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article imagePerfectly preserved wolf pup dug out of thawing permafrost

By Karen Graham     Dec 22, 2020 in Science
A female wolf pup mummy, perfectly preserved as it remained locked in permafrost for 57,000 years, is finally giving up some of its secrets, including how the grey wolf died and ended up alone in the ice so long ago.
In 2016, Neil Loveless, a placer miner, came across the animal thawing out of the permafrost in the Klondike goldfields, near Dawson City, Yukon, Canada, according to CBC Canada.
"I just saw this thing that didn't quite look right," he recalled. "I picked it up and to be honest, I thought maybe it was like an old, like a puppy or something ... that had fallen down the mine shaft." Putting the remains in his gold pan, the animal was put in a freezer until a paleontologist arrived to have a look.
The creature Loveless had come across turned out to be the mummified carcass of a Pleistocene gray wolf (Canis lupus) pup. And what was so amazing was that the little wolf was completely intact, apparently having died when the den she was in collapsed.
(C) Photograph in dorsal view showing port-mortem damage to skin during discovery and photograph in ...
(C) Photograph in dorsal view showing port-mortem damage to skin during discovery and photograph in ventral view (below) showing furless belly and female external genitalia, scale bar is 10 cm. (D) Bulk carbon and nitrogen isotopes of wolf pup Zhùr relative to other isotope data derived from wolves (black circles).
Julie Meachen et al.
"She is the most complete wolf specimen ever found from the ice age," said lead author Julie Meachen, an associate professor of Anatomy at Des Moines University in Iowa. "All her soft tissue, her hair, her skin, even her little nose is still there. She's just complete. And that is really rare."
"We can just learn so much more from an animal with skin and fur and organs than we can with just bones," Meachen said. "This is kind of incredible that we can get all this detail from her when she lived so long ago."
Various types of analysis were done, according to Live Science, including radiocarbon dating, DNA sampling, and measurements of levels of different versions, or isotopes, of oxygen. X-rays of the teeth and bones showed the pup was about seven weeks old when she died.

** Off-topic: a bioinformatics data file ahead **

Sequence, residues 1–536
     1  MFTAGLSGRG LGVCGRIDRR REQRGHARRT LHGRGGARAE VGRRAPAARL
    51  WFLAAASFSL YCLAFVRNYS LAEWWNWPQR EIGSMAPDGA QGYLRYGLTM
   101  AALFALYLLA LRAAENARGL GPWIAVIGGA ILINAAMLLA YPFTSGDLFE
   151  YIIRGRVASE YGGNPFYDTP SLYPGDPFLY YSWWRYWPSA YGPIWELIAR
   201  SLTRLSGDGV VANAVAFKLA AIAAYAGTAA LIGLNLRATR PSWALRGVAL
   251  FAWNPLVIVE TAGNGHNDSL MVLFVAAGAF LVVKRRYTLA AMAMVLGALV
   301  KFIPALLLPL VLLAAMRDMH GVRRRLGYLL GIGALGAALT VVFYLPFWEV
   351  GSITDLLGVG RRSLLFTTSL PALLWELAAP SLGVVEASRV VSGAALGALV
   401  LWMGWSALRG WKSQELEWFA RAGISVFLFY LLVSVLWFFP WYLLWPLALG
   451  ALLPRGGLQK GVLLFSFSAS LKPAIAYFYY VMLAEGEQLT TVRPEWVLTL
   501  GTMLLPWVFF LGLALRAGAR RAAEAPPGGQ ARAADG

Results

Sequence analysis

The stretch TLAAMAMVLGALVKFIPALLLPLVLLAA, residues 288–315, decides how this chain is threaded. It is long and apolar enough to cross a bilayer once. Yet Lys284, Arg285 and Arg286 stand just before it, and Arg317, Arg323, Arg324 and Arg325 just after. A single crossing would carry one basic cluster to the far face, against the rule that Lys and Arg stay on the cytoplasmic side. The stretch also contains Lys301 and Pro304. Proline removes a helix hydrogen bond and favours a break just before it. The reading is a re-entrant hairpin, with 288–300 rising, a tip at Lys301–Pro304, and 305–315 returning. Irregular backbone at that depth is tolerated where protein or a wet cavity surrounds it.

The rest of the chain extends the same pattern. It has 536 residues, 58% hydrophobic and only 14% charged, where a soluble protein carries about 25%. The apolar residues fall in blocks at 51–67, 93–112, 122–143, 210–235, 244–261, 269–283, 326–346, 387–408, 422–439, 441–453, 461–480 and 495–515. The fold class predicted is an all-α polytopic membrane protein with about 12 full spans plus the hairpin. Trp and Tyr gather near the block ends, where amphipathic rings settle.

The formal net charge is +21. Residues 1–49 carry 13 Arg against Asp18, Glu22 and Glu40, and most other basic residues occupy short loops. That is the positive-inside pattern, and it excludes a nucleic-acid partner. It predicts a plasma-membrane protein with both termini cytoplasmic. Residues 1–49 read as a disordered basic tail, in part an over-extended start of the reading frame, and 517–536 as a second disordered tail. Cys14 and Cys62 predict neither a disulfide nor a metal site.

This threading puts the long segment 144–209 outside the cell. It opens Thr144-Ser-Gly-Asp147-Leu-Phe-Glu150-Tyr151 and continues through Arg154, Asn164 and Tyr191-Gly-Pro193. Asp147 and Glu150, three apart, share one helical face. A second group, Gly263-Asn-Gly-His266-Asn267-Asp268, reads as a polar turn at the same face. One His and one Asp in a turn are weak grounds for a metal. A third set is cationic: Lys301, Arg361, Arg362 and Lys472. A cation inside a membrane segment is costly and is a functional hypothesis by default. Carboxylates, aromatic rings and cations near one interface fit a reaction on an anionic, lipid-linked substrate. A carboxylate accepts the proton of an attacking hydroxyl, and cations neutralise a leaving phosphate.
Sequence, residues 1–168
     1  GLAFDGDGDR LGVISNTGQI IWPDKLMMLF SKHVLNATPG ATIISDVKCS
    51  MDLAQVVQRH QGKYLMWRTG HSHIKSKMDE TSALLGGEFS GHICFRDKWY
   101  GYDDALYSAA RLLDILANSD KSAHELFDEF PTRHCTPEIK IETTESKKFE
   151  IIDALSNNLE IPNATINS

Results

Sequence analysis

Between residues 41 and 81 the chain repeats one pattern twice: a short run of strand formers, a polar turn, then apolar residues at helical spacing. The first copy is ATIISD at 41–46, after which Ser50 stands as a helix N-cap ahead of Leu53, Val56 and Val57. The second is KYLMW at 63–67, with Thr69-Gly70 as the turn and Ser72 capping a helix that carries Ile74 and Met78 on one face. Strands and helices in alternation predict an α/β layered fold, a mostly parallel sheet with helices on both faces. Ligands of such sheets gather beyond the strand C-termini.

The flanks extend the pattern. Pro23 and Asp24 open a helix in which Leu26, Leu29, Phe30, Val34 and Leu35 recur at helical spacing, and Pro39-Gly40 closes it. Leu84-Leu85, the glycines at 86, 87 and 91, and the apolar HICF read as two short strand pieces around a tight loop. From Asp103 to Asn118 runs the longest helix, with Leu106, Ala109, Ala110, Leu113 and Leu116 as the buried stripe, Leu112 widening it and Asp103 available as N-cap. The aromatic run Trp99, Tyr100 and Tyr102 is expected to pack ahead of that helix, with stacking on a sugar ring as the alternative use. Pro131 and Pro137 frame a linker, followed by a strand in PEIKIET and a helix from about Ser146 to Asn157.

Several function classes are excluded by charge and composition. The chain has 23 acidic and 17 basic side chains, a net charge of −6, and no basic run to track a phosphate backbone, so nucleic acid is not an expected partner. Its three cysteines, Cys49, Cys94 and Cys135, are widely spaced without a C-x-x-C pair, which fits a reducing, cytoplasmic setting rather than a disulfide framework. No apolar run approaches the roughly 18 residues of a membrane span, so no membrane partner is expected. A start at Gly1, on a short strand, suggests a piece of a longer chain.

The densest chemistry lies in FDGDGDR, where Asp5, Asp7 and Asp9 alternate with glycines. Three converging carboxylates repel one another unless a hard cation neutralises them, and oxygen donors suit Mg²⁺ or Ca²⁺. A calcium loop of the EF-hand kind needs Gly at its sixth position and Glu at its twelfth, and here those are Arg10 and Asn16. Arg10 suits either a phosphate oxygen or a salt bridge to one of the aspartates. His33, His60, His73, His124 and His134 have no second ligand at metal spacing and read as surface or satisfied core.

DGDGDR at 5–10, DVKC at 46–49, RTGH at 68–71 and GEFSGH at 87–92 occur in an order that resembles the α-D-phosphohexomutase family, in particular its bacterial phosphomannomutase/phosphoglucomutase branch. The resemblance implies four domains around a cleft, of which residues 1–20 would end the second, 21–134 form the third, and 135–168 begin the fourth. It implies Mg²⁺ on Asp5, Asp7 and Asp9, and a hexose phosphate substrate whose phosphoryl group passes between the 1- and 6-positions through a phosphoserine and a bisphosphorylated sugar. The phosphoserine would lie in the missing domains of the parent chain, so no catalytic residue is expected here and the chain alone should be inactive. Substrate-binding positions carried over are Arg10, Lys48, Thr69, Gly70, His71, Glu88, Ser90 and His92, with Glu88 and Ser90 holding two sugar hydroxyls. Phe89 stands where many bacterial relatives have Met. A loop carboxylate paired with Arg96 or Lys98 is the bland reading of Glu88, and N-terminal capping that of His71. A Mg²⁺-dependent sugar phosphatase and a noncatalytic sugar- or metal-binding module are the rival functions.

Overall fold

"Based on the analysis of chemical components in her hair and other tissues, we were able to determine what her last meal was," said Zazula. And that last meal was not bison or musk ox - but fish, most likely salmon.
Original distribution of gray wolf sub-species
Original distribution of gray wolf sub-species
The scientific significance of the find
After reconstructing the pup's mitochondrial genome, it was found that the wolf is not related to wolves found in North America today. Instead, the scientists found similarities in the pup''s genetic makeup with both Beringian wolves, an extinct group that lived in ancient Yukon and Alaska, and Russian grey wolves.
"We learned she is very closely related to ice age wolves in Europe," said Yukon paleontologist Grant Zazula. "And that's really interesting because that tells us that there was a major population change that happened in North America with grey wolves at the end of the ice age."
The pup's relationship to both individuals from North America and Eurasia is proof of ancient continental mixing across the Bering Land Bridge that once connected Alaska and Russia, the researchers wrote in their report that was published in the journal Current Biology on December 21, 2020.
The Cultural Significance of the find
The wolf pup not only has scientific significance but she is also culturally significant to the Tr'ondëk Hwëch'in First Nation in Yukon. "We are connected to this wolf pup," says Debbie Nagano, the director of heritage for the Tr'ondëk Hwëch'in and a member of the First Nation's wolf clan.
Shortly after its initial discovery, the mummified carcass of the wolf pup was brought back to Dawson City for a special blessing ceremony with First Nations elders and was given a name. The little female wolf pup was named Zhùr, which means "wolf" in the local Indigenous Hän language.
The naming ceremony is also a way of showing respect, not only for the wolf but for the First Nations people. "There is a connection to it. We don't want it to be just handled in the view of, 'It's just an artifact," said Nagano.
"We really want it to be able to have the respect behind it also. Not in the way, it's respected physically; it also needs to be respected spiritually."
Nagano says the discovery of Zhùr has also helped improve the relationships between the First Nation and scientists, and also with the government and the mining community. "This wolf pup is bringing us together in a good way, that we can all learn from it," she said. "That part is a good way to be thankful for this wolf pup."
More about wolf pup, perfextly preserved, Grey wolf, Canada, Thawing permafrost
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